The programme will begin on Monday and is expected to last until the end of November.
The scaffolding will be in place around two sides of the building but the landmark will remain open to the public while the work is being carried out, although the observation post will be closed throughout.
New measures will also be installed to “bird proof” the castle.
Historic Environment Scotland (HES) said spikes had already been installed across a number of windows but the height of spike needed to deter seagulls and pigeons meant this option was not considered appropriate for observation post windows.
Instead, bird-proof netting will be put up.
Broughty Ferry Liberal Democrat councillor Craig Duncan said: “The most visible legacy of the works will be the installation of bird-proof netting around the windows of the observation post.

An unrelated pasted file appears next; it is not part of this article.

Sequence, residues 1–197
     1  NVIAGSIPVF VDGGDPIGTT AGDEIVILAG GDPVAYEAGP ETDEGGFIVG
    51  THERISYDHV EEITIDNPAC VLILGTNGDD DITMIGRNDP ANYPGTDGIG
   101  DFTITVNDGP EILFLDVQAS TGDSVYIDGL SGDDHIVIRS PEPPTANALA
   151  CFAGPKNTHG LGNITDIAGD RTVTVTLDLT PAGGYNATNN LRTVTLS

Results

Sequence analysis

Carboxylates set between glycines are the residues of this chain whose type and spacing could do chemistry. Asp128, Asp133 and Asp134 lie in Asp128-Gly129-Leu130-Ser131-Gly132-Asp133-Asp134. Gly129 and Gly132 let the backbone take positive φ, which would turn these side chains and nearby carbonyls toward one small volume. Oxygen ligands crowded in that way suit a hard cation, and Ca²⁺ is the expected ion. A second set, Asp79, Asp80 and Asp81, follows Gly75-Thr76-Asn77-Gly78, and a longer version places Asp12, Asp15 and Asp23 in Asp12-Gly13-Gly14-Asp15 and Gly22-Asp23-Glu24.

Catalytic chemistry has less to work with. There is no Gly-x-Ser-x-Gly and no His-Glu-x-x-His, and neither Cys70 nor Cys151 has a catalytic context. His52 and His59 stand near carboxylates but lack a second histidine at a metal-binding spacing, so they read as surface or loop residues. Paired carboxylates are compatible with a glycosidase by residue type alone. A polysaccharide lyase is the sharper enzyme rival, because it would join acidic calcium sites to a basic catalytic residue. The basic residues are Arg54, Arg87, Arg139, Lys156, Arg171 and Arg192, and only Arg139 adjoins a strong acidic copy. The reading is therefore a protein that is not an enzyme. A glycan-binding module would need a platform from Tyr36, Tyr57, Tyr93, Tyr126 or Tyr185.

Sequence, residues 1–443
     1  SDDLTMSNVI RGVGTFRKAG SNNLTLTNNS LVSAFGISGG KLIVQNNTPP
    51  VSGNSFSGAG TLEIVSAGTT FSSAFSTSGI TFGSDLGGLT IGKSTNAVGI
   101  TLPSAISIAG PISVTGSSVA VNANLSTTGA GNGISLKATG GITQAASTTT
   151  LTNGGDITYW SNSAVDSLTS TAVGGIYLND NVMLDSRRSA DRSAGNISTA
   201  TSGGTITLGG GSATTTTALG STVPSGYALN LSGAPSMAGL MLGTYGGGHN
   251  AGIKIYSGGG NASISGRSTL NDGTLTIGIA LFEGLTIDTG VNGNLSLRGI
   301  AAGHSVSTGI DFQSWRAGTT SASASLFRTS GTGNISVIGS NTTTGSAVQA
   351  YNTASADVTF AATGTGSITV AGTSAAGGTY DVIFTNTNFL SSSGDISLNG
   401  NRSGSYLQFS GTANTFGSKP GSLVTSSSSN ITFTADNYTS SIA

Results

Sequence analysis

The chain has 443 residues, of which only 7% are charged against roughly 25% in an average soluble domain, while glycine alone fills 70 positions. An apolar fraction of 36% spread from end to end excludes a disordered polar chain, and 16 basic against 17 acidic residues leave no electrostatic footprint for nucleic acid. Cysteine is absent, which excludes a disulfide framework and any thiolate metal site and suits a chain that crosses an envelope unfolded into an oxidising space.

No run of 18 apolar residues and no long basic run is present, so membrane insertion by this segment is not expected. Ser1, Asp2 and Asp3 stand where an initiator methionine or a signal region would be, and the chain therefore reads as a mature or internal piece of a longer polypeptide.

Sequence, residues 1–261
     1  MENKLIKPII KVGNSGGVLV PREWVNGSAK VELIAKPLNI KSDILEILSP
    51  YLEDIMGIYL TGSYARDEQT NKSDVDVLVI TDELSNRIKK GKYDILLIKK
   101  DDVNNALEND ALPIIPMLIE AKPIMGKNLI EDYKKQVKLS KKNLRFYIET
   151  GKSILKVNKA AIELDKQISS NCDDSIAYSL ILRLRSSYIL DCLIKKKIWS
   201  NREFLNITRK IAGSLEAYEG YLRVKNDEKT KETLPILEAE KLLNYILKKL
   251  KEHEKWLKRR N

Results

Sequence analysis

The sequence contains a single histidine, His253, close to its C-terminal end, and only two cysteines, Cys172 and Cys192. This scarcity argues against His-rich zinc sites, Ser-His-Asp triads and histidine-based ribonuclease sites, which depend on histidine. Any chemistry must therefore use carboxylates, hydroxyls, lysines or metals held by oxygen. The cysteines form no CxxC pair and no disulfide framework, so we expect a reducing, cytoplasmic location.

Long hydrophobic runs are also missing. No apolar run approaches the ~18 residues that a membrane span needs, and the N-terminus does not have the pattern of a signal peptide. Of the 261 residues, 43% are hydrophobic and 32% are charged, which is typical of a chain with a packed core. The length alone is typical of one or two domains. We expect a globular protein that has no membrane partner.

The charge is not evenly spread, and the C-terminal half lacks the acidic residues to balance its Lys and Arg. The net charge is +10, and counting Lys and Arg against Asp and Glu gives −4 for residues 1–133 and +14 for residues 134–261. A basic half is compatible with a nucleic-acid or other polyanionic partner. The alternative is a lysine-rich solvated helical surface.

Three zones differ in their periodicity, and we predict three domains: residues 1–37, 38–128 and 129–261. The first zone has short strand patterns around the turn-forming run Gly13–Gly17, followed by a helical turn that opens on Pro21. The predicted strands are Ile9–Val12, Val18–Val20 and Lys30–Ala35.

“Once the work is complete, HES has indicated that visitors will be able to see the netting as they enter the room.
“They have assured us that the netting will not prevent visitors from enjoying the view, with or without binoculars, nor from taking photographs. The netting across the observation post windows should also allow a regular regime of window cleaning, significantly improving the experience for visitors.”